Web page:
A police officer films family members of those detained in what is known as the "709" crackdown protesting in front of the Supreme People's Procuratorate in Beijing, China July 7, 2017. On July 9th 2015, the authorities launched what rights groups say was a coordinated attempt to quash China's rights movement, rounding up hundreds of rights lawyers and activists, in what is known as the "709" crackdown. 

© 2017 Reuters

The Chinese government should immediately and unconditionally release human rights activist Zhen Jianghua, who has been held incommunicado since September 2017, Human Rights Watch said today. On March 30, 2018, Chinese police formally arrested Zhen on charges of inciting subversion, but continue to deny Zhen access to legal counsel and family members, citing “national security” concerns.

Zhen, 32, is the executive director of the Human Rights Campaign in China, or Quanli Yundong (权利运动), an online platform that publishes information related to detentions of activists, police abuses, and other human rights violations. Zhen is also the founder of ATGFW.org, a website that provides information and services to help people scale China’s Great Firewall to access the uncensored global internet. 

“By formally arresting Zhen, Chinese authorities are demonstrating their intent to eradicate human rights monitoring in China,” said Sophie Richardson, China director at Human Rights Watch.  “The case against Zhen is an attack on all rights reporting.”

On September 1, 2017, police in Zhuhai, Guangdong province took Zhen from his home, accusing him of “inciting subversion of state power.” Zhen was later placed under “residential surveillance at a designated location,” a form of secret incommunicado detention that enables the police to hold individuals outside of the formal detention system for up to six months without access to legal counsel or family members. There have been numerous reports of detainees being tortured while under “residential surveillance.”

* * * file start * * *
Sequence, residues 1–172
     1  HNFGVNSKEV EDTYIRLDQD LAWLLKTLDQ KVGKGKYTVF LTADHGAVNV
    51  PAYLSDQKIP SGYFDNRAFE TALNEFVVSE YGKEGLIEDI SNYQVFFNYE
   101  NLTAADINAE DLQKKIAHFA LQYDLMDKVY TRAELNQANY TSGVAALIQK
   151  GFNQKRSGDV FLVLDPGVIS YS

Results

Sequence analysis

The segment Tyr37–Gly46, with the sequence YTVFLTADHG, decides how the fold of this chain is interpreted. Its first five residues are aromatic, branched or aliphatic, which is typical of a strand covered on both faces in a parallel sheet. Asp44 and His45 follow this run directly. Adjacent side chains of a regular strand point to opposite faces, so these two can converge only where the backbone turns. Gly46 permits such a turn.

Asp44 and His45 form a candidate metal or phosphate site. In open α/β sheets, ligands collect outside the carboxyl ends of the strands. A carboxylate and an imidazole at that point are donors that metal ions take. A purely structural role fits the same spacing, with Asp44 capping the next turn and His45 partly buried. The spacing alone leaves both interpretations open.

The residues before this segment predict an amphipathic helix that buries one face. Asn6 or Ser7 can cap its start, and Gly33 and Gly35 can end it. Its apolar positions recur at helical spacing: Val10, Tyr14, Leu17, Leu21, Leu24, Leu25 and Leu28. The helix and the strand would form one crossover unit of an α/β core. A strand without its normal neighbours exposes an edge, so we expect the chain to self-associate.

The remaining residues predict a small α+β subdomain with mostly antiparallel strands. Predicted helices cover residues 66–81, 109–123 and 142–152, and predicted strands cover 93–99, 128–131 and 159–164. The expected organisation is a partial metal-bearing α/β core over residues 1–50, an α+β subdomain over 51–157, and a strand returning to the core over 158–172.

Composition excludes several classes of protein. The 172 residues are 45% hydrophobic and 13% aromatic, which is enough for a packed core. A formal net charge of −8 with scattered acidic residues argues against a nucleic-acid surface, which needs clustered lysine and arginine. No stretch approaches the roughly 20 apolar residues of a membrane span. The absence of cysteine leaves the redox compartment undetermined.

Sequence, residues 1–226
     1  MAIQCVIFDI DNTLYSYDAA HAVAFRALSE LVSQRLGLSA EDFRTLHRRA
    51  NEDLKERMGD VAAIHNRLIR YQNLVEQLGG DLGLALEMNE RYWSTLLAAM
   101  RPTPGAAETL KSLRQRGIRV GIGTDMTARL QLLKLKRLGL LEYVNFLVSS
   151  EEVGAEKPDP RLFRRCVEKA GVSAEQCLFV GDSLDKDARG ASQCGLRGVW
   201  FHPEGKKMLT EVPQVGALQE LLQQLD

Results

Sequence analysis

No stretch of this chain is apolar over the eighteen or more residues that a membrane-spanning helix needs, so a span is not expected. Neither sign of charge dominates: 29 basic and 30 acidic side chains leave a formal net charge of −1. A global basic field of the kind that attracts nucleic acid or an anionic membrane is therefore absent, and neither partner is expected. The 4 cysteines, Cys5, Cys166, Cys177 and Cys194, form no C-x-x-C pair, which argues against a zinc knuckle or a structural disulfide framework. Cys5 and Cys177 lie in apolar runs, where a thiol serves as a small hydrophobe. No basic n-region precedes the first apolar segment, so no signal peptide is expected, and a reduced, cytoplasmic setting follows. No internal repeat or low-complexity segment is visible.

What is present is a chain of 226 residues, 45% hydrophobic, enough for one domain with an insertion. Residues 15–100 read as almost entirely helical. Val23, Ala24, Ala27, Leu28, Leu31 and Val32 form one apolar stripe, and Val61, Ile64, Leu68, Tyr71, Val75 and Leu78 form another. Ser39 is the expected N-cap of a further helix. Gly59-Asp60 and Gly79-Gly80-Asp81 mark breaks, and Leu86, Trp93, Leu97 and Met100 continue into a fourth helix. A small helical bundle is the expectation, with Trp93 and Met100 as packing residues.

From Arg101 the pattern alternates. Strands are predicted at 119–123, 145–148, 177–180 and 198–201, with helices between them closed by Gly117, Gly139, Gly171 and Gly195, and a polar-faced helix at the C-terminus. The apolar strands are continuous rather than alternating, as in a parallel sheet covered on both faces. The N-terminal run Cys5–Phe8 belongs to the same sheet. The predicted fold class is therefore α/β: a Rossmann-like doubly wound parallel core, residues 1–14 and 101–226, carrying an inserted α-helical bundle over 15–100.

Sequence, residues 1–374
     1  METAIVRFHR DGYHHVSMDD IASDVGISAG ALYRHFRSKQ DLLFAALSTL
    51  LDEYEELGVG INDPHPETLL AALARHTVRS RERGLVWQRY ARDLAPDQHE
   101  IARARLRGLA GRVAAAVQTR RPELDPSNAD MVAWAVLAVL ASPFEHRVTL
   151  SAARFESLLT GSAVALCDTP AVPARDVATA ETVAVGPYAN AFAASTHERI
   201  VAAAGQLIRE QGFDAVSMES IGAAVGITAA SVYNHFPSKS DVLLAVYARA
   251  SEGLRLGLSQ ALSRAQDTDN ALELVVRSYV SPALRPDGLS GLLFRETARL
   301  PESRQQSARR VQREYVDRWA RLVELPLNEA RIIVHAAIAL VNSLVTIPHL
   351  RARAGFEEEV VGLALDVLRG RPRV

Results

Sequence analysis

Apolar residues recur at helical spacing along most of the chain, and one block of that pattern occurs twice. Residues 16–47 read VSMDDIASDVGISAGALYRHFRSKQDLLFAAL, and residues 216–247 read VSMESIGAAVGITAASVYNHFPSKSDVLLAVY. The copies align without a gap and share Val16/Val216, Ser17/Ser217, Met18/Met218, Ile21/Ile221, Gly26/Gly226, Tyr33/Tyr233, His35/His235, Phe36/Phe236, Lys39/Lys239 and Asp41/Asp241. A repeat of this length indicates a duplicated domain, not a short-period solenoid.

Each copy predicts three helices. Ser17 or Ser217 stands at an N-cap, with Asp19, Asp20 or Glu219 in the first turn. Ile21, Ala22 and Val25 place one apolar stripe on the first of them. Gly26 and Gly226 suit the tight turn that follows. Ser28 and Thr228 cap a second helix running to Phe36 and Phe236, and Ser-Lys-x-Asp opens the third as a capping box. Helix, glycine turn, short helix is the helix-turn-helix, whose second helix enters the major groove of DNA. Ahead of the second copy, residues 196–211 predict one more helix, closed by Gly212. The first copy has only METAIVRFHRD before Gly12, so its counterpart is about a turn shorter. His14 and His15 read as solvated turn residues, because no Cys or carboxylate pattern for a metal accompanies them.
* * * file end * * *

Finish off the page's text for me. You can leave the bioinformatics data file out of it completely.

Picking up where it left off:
For more than seven months Zhen Jianghua has been detained for exercising his right to free speech and put at grave risk of torture.

Sophie Richardson

China Director

Zhen is a former computer programmer who has been involved in human rights activism since the mid-2000s. As a social worker, he assisted women who suffered domestic violence in Zhuhai and people with autism in Macau. He helped victims of human rights abuses use the internet to promote their cases and taught university students about methods of circumventing internet censorship.

After becoming executive director of Human Rights Campaign in China in 2015, Zhen focused on helping spread news about government crackdowns on human rights activists, and building a support network to advocate for their releases. During the “709 crackdown,” in which authorities rounded up hundreds of human rights lawyers and activists, Zhen mobilized support for the detained lawyers and activists and their families.  Over the past decade, authorities have harassed, intimidated, forcibly evicted, and briefly detained Zhen.  

Since 2016, the Chinese government has tried to eliminate the country’s few independent human rights news platforms by jailing their founders and key members. In November 2016, authorities detained Liu Feiyue, founder of the Hubei-based grassroots rights monitoring organization Civil Rights and Livelihood Watch, or Minsheng Guancha (民生观察). Liu, charged with “inciting subversion of state power,” is awaiting trial. Huang Qi, a veteran activist and founder of the human rights website 64 Tianwang (64天网) has also been detained since November 2016 for “illegally leaking state secrets abroad.” Huang suffers from several health conditions including kidney disease and has been denied adequate medical care since his detention. Both Liu and Huang’s colleagues at Minsheng Guancha and 64 Tianwang have also been detained.  In August 2017, a Yunnan court sentenced citizen journalist and protest chronicler Lu Yuyu, who had been detained since June 2016, to four years in prison on charges of “picking quarrels and provoking trouble.”

“For more than seven months Zhen Jianghua has been detained for exercising his right to free speech and put at grave risk of torture,” Richardson said. “The Chinese authorities need to right these wrongs and release Zhen immediately.”